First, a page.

Shelia Mant is a Typical Teenager
Typical teenagers: a crush, a pretty older girl. Shelia Mant is a regular teenage girl; just as the narrator is a regular teenage boy. The narrator spends most of his days looking at Shelia. Shelia is the girl who lays upon her floating dock sunbathing all day. The narrator is the boy who watches her from a distance. Throughout the story both characters have similar personalities. Shelia Mant and the narrator are more alike than the guy she ran off with at the end of the story because neither one of them is good at communicating with others.
Shelia Mant and the narrator have more in common than they think. Neither one of them is good at communicating with others. Shelia Mant is a bad communicator because she wasn`t facing him in the canoe on the way to the concert. “I was glad she wasn’t facing me” (Wetherell 3). The narrator wanted to dive into the river when Shelia looked at him. “When her eyes were on me, I felt like diving into the river again from agony and joy” (Wetherell 3). He wanted nothing more that to be with Sheila Mant, then when he is actually with her, he gets embarrassed when she looks at him.
Another way the narrator and Shelia Mant are both bad communicators is that they both talk when nobody else is talking. She talks about herself and he tries to use big words to impress her. Sheila actually talks for a few minutes without noticing that he is not listening. “While all this was going on, Sheila had begun talking, and it was a few minutes before I was able to catch up with her train of thought” (Wetherell 8). He uses big vocabulary words to impress her but she is not impressed by big words. “Yeah bass. They come into the shallows to chase frogs and moths and things. Big largemouths. Micropterns salmoidos, I added, showing off” (Wetherell 5). Neither one cares what the other one says. They were in a canoe, and they had more time to communicate but it just was not going to happen since neither one of them is a good communicator.
Some might say that Sheila Mant and the narrator have nothing in common. She is older than the narrator so she doesn’t consider him as a boyfriend. He considers her as a girlfriend anyway. She is also different because she does not like fishing and he does. Sheila says, “I think fishing’s dumb, she said, making a face. I mean, its boring and all. Definitely dumb” (Wetherell 5). He really enjoys fishing, so he should see that they have nothing in common right away. Even though it appears like Sheila and the narrator have nothing in common, they really have the same personality traits.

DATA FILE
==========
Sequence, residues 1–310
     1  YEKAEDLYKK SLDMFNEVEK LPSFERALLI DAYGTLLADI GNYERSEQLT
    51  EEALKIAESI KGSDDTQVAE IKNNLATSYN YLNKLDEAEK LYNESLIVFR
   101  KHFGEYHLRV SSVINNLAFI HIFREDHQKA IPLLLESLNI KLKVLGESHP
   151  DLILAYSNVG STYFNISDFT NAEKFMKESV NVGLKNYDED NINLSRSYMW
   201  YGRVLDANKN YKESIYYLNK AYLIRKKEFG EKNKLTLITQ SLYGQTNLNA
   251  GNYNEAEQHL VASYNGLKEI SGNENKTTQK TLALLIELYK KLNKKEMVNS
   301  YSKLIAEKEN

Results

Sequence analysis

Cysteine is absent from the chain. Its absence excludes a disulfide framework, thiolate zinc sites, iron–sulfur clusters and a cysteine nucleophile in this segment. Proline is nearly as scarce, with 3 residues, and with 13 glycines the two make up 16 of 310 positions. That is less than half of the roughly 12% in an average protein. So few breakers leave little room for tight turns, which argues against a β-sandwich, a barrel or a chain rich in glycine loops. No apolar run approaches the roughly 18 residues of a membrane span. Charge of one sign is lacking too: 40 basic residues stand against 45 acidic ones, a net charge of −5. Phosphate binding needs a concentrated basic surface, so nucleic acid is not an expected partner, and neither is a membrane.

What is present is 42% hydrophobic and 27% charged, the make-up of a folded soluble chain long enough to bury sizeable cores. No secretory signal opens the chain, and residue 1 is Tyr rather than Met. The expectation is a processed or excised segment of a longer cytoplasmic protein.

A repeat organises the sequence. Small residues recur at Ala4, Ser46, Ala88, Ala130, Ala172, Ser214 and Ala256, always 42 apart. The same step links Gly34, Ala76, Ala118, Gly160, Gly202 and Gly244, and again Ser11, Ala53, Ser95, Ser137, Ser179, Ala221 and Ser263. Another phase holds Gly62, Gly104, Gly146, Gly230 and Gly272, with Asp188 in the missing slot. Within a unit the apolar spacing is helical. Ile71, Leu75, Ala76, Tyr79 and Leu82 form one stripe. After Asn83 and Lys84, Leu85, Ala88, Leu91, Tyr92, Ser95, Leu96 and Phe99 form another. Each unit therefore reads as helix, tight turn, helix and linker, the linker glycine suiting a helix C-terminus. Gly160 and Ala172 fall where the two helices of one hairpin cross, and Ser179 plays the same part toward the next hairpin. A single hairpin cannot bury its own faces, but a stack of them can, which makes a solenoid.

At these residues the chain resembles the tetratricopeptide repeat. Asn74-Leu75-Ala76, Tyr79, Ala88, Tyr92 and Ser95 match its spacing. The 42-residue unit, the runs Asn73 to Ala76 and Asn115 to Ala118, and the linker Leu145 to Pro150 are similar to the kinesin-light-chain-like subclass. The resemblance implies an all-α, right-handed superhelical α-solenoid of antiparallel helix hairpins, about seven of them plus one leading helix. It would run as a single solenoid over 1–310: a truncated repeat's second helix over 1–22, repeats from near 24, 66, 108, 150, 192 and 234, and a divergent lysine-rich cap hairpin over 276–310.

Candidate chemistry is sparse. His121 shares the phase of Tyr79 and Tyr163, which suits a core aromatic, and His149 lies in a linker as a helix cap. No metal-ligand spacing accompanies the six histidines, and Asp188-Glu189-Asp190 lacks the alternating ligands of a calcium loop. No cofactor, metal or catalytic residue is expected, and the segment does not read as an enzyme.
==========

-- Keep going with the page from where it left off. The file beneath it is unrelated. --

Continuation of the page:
She wants to be beautiful, and the narrator wants to be liked. The narrator doesn’t know that she wants to be beautiful. Eric, on the other hand, lets her know that she is beautiful enough to be a model. She says, “Eric said that I have the figure to model….” (Wetherell 8). She is too worried about telling about herself to realize that the narrator likes fishing and he is trying to impress her. He cleaned the boat, used big words, and hid the fishing pole to make it look like everything was cool. But she really disrespected him when she left the party with Eric Caswell and told him he was a funny kid. Sheila Mant explained that she would be going home in Eric Caswell’s Corvette. Then she said, “You’re a funny kid, you know that?” (Wetherall 10).
Sheila and Eric don’t have anything in common like her and the narrator. Sheila goes with him because he has a Corvette and money, and tells her that she is beautiful. He is older than her. Maybe Sheila has a crush on Eric like the narrator did on her.
Wetherell, W. D. "The Bass, The River, and Sheila Mant" Pathways: Literature for Readers and Writers. Logan, IO: Perfection Learning, 2008. 4-10. Print.